Citing a 2011 decision by the Supreme Judicial Court, Brady wrote that “The SJC explained that there is a reasonable basis on which to conclude that forensic ballistics testimony can assist the jury in finding facts. The defendant’s claim that the NRC Report is newly discovered evidence which could render [a Boston Police ballistician’s] testimony inadmissible is without merit in light of the [2011 SJC] decision.”
Brady also cited a 2010 SJC decision on fingerprint analysis, which recommended in light of the NAS report that “[t]estimony to the effect that a latent print matches, or is ‘individualized’ to, a known print … should be presented as opinion, not a fact, and opinions expressing absolute certainty about, or the infallibility of, an ‘individualization’ of a print should be avoided.”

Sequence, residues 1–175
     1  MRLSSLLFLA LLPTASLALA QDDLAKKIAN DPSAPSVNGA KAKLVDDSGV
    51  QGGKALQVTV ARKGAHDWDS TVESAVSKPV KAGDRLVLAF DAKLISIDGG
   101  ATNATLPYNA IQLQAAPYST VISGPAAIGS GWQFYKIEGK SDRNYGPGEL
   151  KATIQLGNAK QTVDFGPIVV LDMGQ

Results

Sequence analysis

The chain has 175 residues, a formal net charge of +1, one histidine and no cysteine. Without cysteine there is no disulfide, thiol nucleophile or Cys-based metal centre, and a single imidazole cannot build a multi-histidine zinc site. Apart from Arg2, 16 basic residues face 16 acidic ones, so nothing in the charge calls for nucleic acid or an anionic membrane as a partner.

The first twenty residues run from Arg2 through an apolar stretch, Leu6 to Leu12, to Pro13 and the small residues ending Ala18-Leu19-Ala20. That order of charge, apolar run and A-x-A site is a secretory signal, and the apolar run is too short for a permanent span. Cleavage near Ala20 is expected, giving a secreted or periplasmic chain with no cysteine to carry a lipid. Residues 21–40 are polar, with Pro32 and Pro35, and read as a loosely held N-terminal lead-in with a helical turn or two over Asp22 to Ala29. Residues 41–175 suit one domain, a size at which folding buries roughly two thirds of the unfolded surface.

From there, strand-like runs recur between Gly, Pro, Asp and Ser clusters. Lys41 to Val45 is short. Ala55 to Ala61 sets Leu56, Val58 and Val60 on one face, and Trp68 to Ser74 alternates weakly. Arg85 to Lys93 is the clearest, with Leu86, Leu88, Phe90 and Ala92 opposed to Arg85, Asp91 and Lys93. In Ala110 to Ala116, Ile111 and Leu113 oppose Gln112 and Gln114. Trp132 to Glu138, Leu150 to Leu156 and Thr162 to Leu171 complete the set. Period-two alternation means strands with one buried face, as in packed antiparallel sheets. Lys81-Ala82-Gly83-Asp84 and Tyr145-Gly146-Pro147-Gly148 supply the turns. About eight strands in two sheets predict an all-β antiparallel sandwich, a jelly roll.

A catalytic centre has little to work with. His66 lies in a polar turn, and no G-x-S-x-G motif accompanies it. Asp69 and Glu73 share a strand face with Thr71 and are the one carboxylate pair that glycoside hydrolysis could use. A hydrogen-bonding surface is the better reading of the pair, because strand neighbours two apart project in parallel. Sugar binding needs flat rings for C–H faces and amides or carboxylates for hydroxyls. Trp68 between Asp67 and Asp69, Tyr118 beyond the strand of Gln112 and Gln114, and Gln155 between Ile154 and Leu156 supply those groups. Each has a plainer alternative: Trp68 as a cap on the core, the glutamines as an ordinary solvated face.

“The defendant’s claim that the NAS Report could render [a Boston Police fingerprint analyst’s] testimony inadmissible is without merit in light of the [2010 SJC] decision, which would only limit the preciseness with which she could testify to a positive fingerprint identification,” Brady wrote. “Nothing suggests that her testimony would have been precluded.”
Brady also dismissed the notion that the three inmates’ testimony about Turner’s alleged confession, together with diluted forensic testimony as to ballistics and fingerprints could have affected the jury’s verdict.
“[T]he inmates’ testimony about Turner’s confession was not credible, and any reduction in the forcefulness of the scientific evidence would not have cast ‘real doubt on the justice of the conviction,’” he wrote, citing the threshold for the court to grant a new trial based on newly discovered evidence.